How the urban poor define and measure food insecurity

There is growing interest in food consumption and its links to urbanisation but the views of the real experts, the urban poor, do not get the attention they deserve. IIED and the Asian Coalition for Housing Rights are asking poor women in cities in Cambodia and Nepal about the challenges of putting food on the table.

September 2017 - February 2019
Urbanisation and rural-urban linkages
A programme of work on urbanisation and the links between rural and urban areas

A soup stall in Siem Reap, Cambodia. Many of the urban poor rely on frequent food purchases, often cooked food prepared by street vendors (stefans_box, Creative Commons via Flickr)

As urban centres grow rapidly, inadequate housing and the lack of basic infrastructure and services affect a large and growing share of their population. The urban poor are also usually disproportionately vulnerable to environmental hazards.

But there is limited understanding of how these challenges – in combination with income poverty, time poverty and space poverty –shape food and nutrition (in)security. Local governments in low-income urban centres with rapidly growing populations typically lack accurate data on food security and nutrition.

What is IIED doing?

IIED is working with the Asian Coalition for Housing Rights (ACHR) to ask women-led grassroots communities in cities and towns in Cambodia and Nepal about the challenges they face in putting food on the table, their strategies to overcome them, and what initiatives and policies have proved to be helpful.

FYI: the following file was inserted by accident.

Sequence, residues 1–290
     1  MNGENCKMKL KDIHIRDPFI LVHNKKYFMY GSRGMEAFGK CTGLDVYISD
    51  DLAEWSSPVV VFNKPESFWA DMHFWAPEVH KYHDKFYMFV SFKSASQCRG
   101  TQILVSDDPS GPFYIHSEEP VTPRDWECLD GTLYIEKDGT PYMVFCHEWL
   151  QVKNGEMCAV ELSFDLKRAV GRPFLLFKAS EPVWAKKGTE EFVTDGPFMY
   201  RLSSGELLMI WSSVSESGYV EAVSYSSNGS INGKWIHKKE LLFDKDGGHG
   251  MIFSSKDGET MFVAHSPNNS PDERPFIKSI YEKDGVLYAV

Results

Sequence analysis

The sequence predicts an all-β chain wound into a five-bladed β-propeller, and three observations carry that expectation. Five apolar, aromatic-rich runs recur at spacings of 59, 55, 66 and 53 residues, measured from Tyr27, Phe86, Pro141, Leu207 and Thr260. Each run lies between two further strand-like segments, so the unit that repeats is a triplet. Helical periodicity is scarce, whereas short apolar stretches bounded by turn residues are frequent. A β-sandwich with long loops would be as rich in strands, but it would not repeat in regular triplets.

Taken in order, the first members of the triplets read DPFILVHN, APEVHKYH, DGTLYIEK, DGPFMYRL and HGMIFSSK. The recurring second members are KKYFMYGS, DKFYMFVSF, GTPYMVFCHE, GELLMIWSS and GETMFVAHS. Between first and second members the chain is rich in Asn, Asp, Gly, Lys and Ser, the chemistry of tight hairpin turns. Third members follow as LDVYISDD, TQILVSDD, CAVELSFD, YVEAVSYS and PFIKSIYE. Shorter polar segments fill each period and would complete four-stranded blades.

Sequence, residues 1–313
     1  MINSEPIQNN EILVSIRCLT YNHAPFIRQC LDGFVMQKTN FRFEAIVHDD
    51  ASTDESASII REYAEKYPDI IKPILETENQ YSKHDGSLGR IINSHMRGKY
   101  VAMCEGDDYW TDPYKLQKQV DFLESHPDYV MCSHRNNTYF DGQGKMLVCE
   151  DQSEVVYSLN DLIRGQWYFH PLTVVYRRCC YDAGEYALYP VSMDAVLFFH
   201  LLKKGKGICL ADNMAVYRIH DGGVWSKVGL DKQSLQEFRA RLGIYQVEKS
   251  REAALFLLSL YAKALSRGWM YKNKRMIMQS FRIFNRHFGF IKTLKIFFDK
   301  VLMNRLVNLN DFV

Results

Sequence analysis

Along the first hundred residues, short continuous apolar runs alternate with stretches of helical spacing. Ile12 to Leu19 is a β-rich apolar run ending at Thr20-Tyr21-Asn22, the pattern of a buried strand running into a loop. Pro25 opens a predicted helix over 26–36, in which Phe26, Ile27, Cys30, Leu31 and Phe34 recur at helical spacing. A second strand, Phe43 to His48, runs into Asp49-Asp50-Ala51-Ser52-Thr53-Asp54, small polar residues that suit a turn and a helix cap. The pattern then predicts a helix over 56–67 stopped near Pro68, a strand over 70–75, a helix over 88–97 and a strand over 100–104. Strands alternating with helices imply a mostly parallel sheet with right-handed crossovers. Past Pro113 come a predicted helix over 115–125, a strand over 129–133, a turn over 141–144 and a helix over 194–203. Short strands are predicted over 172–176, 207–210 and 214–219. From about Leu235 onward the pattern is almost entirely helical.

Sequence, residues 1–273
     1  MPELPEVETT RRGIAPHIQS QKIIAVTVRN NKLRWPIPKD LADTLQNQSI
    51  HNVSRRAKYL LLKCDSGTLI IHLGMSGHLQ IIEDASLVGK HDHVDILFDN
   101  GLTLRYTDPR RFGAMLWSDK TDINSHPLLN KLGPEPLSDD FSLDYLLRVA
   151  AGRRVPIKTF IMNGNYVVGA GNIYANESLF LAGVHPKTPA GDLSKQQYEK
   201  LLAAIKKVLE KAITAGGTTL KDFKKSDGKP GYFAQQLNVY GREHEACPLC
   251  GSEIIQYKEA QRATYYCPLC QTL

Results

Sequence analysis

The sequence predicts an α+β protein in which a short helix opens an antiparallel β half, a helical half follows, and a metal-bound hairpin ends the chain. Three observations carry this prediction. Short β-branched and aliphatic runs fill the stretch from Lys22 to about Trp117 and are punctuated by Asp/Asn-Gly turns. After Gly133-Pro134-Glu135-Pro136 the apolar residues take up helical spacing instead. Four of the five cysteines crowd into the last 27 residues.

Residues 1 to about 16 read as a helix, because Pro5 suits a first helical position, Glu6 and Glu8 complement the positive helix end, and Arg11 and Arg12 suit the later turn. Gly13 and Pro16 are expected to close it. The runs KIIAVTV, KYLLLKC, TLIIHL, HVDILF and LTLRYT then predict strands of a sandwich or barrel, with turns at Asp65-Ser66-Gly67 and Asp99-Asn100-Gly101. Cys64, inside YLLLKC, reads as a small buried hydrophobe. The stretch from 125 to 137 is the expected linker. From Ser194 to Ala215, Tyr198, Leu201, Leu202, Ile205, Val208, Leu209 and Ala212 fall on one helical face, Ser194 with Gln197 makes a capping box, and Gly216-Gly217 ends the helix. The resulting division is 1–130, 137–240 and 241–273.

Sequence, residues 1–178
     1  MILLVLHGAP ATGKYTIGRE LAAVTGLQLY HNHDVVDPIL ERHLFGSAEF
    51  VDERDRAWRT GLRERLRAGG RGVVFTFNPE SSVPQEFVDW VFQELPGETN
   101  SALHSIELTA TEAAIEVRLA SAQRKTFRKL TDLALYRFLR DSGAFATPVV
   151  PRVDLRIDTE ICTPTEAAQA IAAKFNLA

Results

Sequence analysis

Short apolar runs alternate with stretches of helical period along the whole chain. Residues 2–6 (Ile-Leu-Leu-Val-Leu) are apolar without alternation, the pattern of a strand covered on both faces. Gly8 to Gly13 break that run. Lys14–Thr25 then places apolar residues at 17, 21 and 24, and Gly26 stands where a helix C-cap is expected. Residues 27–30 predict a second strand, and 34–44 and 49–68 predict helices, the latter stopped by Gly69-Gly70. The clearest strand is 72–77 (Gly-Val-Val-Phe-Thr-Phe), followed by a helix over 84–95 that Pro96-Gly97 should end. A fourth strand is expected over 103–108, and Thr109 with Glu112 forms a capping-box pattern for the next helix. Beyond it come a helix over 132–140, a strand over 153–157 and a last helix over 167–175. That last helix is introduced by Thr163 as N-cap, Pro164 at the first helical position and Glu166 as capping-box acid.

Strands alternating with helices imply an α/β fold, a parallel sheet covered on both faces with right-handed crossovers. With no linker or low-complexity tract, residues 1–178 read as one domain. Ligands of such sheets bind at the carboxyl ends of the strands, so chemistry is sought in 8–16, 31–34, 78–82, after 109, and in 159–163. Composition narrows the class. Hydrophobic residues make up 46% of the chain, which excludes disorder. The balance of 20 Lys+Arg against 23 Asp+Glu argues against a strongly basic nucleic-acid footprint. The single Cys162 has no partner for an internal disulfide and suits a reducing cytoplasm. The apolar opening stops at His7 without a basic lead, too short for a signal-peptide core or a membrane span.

At an initial regional workshop held in December 2017, community leaders agreed on a number of exploratory questions:

  • How do the urban poor define food security? What do they eat, and what constitutes a good meal? How much is enough, not enough, and what is a good quality/healthy meal? What are the constraints to eating well? How does the social value of food build community? 
  • Is there a 'poverty penalty' in food prices – do the poor pay more per unit than middle income and wealthier consumers?
  • What is the contribution of food vendors to the food security and nutrition of the urban poor?
  • How does urban planning affect access to food and its utilisation?
  • How do people manage to feed themselves during ongoing crises (conflict, floods and so on) and disasters (earthquake)?
  • What initiatives and policies have proved to be successful in the views of the urban poor (rather than in those of outside experts)?

The first project phase launched in early 2018. IIED supported ACHR to host meetings in Kathmandu and Phnom Penh, asking leaders of organised urban community groups to define their experiences of food insecurity. 

We will continue our partnership with ACHR, exploring how disenfranchised urban communities in Cambodia and Nepal's smaller towns characterise food insecurity. We will also investigate urban planning and street food affect consumption. We will explore urban communities' own solutions to food insecurity, including initiatives like community vegetable gardens and communal kitchens.

We will bring grassroots groups and other participants together to share learning at city, national and regional level, before taking their evidence to policymakers.

Additional resources

Food (In)Security in Rapidly Urbanising, Low-Income Contexts, Cecilia Tacoli (2017), International Journal of Environmental Research and Public Health, special issue on Social Determinants of Health Inequities and Prevention

How urban poor community leaders define and measure poverty, Somsook Boonyabancha, Thomas Kerr (2015), Environment & Urbanization

Newsletter of the Asian Coalition for Housing Rights: special issue on how poor people set their own poverty lines, Asian Coalition for Housing Rights (2014), Report